Sonoma County was selected to be one of 64 voting jurisdictions around the country in which federal election monitors are being deployed today, in an effort to protect voting rights and ensure people have access to the polls.

The DOJ's Civil Rights Division made the announcement Monday that it intended to send federal poll watchers out to 64 jurisdictions across 24 states on Election Day — and they don't appear to have been chosen at random. While five counties in Arizona made the list — including Maricopa County where there have been recent reports of armed individuals in tactical gear stationed near ballot boxes — as well as three big counties in Florida (Broward, Miami-Dade, and Palm Beach counties), only two are in California. Those are Los Angeles County, the most populous county in the nation with 9.9 people, and Sonoma County, which is relatively quite small — but maybe there's been some right-wing election shenanigans we haven't heard about there?

Sonoma County’s Registrar of Voters tells the Press-Democrat that she did not get very much notice about the DOJ sending in civil rights lawyers.

"We were probably selected because we are a newly bilingual county," says Registrar Deva Marie Proto, speaking to the Press-Democrat. "The purpose of the DOJ monitoring is to ensure that we are providing access to voting as required by federal law — that we have the proper signage, translations, language assistance, ADA accessibility, etc."

While the DOJ confirmed to the Press-Democrat that they had reason to select Sonoma County for federal monitoring, they did not specify a reason, only saying, "The decision on when to send election monitors is based upon the facts and circumstances on the ground with respect to a particular jurisdiction in a particular election." And, "in some places, it may be primarily monitoring for language accessibility under the (Voting Rights Act). In other places, it may be primarily monitoring for disability accessibility under the (Americans with Disabilities Act) and (Help America Vote Act). In still other places, it may include questions about possible discrimination or intimidation."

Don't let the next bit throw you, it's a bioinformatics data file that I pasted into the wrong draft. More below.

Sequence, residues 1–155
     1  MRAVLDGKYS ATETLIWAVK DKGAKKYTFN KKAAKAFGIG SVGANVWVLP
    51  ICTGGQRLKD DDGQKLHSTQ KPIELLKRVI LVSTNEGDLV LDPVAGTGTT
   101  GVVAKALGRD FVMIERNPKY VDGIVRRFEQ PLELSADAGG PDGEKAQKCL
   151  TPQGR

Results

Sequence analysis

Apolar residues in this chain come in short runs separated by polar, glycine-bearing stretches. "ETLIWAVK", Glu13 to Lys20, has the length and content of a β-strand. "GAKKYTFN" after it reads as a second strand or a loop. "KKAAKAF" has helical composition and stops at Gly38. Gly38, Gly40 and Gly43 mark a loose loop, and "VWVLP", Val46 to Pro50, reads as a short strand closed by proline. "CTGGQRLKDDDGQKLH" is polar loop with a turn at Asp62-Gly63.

The department says that its poll watchers — who, as ABC News explains, are mostly lawyers who work for the government — will be on hand to enforce federal statutes and "protect the rights of voters."

"Civil Rights Division personnel will be available all day to receive complaints from the public related to possible violations of the federal voting rights laws by a complaint form on the department’s website or by telephone toll-free at 800-253-3931," the department says in its announcement.

Already there was vocal pushback from state officials in Florida, who said the state would send "its own" monitors to polling places and federal lawyers had no place there. Florida Secretary of State and noted 2020 election denier Cord Byrd threw a fit about the federal poll watchers, as Politico reports, and as a result the DOJ appears to have said their monitors will only monitor outside of polling places and will try to "minimize the time we spend at each site."

Similarly, Missouri's Secretary of State Jay Ashcroft rejected the DOJ's move to monitor polling places in Cole County, which in the past has faced accusations of not providing accessible voting machines. Ashcroft said this was the feds "trying to bully a hard working county official."

Photo: Elliott Stallion